Elite athletes are demanding and have very specific wants and needs, he says. They’re busy and have a limited amount of time to interact and give feedback, which can slow the development process. Some elite athletes are conservative and unwilling to consider new designs if they think that what they’re already using works well. Getting athletes and their coaches to try his designs was a journey, Caine says. When he was developing a way to use 3D printing to make custom sprinting shoes, for example, he had to build trust before the athletes would try the shoe. To do so, he got the athletes involved early in the development process and framed them as advisers on the project instead of subjects in a focus group. “There was a lot of psychology involved,” he says. But the work came together: His team was the first to show that the concept worked, and now it’s the basis of the production processes at some major brands, including New Balance.
Elite athletes aren’t Caine’s only target audience. Most of the projects he has worked on involve developing sports gear for recreational users, ranging from improving a company’s manufacturing process to creating an entirely new product. Elite athletes value performance with little consideration for cost, but everyday users look for a balance of function and affordability. Coming up with high-performance designs that are economically priced is a creative puzzle that Caine particularly enjoys. He also finds it rewarding to solve some of the other challenges unique to products for recreational users, including figuring out how to simplify a product to make the sport easier or how to make a product affordable enough for children, he says. Some of the companies that he has worked with have a singular focus on increasing profits that can get disheartening at times, he acknowledges, but “on a good day, sports can be a force to change people’s lives for the better.”
Don’t sweat it
Athletes training for 2.5 hours in the heat of August can lose up to 3 to 5 liters of sweat. Their performance will decline if they lose more than 2% of their body mass from the sweating, so they need to make sure to drink enough fluid to replace what’s lost. This is the kind of nutrition and hydration advice that Lindsay Baker sought as a high school athlete. At the time, she read the sports science literature to find ways to help her performance. Now she’s the one dispensing this type of advice to other athletes as a scientist at Gatorade Sports Science Institute (GSSI) in Barrington, Illinois.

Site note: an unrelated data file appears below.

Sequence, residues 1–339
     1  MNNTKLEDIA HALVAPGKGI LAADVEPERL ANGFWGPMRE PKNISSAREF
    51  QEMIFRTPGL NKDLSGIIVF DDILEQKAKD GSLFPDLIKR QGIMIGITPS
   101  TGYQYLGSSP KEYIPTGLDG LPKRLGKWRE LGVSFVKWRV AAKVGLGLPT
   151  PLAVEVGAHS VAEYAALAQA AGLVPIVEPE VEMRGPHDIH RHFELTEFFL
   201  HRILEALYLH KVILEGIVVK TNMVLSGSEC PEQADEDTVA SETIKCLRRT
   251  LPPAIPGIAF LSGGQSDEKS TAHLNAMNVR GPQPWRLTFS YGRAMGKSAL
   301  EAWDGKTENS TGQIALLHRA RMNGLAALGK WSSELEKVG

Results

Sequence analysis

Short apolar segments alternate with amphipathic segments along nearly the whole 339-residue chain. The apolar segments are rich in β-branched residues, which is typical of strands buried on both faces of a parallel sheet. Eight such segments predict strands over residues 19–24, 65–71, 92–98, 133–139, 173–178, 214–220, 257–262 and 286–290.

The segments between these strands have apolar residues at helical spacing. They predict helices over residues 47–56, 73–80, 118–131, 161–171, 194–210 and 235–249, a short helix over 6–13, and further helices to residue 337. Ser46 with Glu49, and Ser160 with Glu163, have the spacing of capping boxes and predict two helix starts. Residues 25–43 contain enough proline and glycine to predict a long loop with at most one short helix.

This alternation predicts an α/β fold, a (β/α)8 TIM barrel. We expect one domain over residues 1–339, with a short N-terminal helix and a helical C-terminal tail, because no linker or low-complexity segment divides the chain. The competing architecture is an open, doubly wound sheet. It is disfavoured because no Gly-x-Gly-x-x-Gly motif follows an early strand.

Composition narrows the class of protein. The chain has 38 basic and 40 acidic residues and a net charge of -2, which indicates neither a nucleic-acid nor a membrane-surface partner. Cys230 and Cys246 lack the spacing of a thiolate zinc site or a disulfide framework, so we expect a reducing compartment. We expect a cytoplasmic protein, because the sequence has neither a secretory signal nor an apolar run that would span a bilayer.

It’s a good fit, Baker says about her job. Outside of sports, she was always interested in science and math, and in college she turned those interests into a bachelor’s degree in biology. She then combined her science background with her athletic one to earn a Ph.D. in kinesiology. She did not have a specific career goal in mind at the time, she says, but she knew that she wanted to work with athletes and conduct research to help them improve their performance. GSSI offered her the opportunity to do just that.
The work can get sweaty. Hydration needs vary by exercise intensity, temperature conditions, and body size, so to tailor recommendations, Baker and her colleagues measure sweat rate and electrolyte concentrations in athletes’ sweat, which they collect by taping absorbent pads onto the athletes’ skin. Baker’s work focuses on comparing the results from this method to those from the gold standard procedure, in which all of an athlete’s sweat is collected, not just a sample, and developing protocols for getting the most accurate results from these absorbent pad-based measurements. Being constantly surrounded by sweat may conjure up visions of damp, smelly locker rooms, but it “doesn’t bother me,” Baker says. As a competitive athlete in high school and college, sweat was just an everyday part of her life, she says. It’s also an important way that the body keeps itself cool during exercise, she adds. “Sweating is a good thing!”
Connecting with the athletes is rewarding, she says. They are looking for an edge, just like she was when she was competing. So she passes on the advice she would have appreciated receiving when she was an athlete, and her research ensures that the recommendations are as sound as possible.